Nearly 100 hamsters taken from a Lawrence man on Friday by the Massachusetts Society for the Prevention of Cruelty to Animals have been put up for adoption across New England.
Last week, a man visited the group’s Nevins Farm animal care and adoption center in Metheun to report that his hamster population was out of control.
The man, whose name was not released, estimated he had about 80 hamsters in his apartment. He did not own a car and planned to take them to the animal shelter in a cab, said Mike Keiley, director of Nevins Family Adoption Center.
He started out with just two, a male and a female he bought from a pet store and over time, they continued to reproduce.
“He couldn’t afford them any longer,’’ Keiley said of the man, who is receiving welfare payments. “He had gone hungry a couple nights in order to feed his hamsters.’’
At the start, the hamsters were kept in fish tanks, typical, but then the owner needed to get more creative and began using things like 5-gallon buckets, Tupperware containers, and an empty cat litter box.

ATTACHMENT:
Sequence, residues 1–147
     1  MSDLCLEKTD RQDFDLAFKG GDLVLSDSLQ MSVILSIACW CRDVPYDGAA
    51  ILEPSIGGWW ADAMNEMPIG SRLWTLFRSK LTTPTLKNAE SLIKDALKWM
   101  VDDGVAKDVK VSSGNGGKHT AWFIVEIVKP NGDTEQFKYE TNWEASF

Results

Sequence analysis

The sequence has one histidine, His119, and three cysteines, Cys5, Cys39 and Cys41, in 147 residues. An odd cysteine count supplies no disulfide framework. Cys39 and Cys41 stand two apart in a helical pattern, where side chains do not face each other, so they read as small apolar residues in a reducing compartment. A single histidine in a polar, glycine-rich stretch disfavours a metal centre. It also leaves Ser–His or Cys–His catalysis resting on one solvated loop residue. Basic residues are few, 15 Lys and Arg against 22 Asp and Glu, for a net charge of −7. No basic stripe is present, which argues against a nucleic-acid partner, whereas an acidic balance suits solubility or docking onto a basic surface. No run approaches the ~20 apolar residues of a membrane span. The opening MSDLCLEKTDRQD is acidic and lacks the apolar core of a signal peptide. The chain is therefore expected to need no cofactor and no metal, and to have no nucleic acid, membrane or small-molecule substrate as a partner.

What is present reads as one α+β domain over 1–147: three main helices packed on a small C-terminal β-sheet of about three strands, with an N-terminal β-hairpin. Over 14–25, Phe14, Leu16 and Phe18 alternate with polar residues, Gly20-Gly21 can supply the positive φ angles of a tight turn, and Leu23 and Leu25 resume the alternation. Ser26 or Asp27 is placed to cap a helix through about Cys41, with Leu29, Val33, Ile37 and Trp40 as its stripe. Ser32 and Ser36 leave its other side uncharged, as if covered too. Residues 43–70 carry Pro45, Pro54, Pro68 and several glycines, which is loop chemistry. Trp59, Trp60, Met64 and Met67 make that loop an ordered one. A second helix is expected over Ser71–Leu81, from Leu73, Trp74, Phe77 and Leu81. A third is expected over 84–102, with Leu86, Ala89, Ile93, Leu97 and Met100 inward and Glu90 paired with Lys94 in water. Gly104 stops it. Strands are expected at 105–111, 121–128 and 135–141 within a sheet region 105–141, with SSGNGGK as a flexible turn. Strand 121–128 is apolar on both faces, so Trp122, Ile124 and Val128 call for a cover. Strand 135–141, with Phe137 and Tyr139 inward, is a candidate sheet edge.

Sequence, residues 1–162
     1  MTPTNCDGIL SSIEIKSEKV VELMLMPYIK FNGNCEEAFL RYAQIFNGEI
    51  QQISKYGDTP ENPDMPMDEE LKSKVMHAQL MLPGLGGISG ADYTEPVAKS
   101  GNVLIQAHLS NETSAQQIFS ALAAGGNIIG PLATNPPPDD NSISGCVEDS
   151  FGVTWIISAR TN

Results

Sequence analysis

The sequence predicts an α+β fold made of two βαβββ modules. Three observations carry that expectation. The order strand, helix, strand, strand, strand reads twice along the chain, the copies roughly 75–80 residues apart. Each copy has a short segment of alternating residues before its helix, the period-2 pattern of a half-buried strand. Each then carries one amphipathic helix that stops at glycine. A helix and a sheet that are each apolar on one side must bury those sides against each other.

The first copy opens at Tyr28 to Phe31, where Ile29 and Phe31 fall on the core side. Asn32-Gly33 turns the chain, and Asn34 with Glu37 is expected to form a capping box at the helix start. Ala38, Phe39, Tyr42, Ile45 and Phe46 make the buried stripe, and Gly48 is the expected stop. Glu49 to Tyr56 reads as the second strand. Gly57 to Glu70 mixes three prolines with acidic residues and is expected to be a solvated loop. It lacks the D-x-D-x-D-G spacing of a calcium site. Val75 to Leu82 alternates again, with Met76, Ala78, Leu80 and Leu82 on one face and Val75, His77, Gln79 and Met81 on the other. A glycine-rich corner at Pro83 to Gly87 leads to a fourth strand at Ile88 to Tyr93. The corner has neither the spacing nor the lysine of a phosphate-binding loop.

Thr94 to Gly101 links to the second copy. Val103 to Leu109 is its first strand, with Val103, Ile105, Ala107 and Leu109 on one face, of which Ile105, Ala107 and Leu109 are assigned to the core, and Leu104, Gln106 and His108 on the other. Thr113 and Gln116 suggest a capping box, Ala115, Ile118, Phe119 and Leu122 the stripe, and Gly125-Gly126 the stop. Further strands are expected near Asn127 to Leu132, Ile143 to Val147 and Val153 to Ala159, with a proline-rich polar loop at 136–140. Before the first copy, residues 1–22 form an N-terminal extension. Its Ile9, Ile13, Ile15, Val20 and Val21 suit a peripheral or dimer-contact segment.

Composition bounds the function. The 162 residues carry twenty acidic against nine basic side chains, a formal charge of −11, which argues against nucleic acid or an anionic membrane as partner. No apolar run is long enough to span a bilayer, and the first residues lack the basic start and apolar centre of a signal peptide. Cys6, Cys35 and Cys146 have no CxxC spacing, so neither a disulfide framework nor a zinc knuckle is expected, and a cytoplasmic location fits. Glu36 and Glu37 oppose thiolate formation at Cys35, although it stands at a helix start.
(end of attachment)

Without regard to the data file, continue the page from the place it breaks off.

The MSPCA sent two volunteers to the home, rounded up all of the hamsters, and brought them to Nevins Farm. Most were put up for adoption there, but 48 were sent to other animal shelters across New England.
Hamsters can start reproducing when they are only about eight weeks old and, after a pregnancy of up to a month, give birth to up to 12 babies in a litter.
“Depending on the survival of the babies, that number can jump from two to 10 or 20, and then it becomes an exponential number,’’ said Keiley. The owner had been attempting to separate the animals by sex, but Keiley said that distinguishing gender can be very difficult, especially when they are young.
Twelve hamsters were adopted Sunday, and the MSPCA said most of the others are available for adoption. For more information, call Nevins Farm at 978-687-7453.
“Most of them looked very healthy,’’ Keiley said. The majority of the animals were short-haired with tan, white, or light brown fur.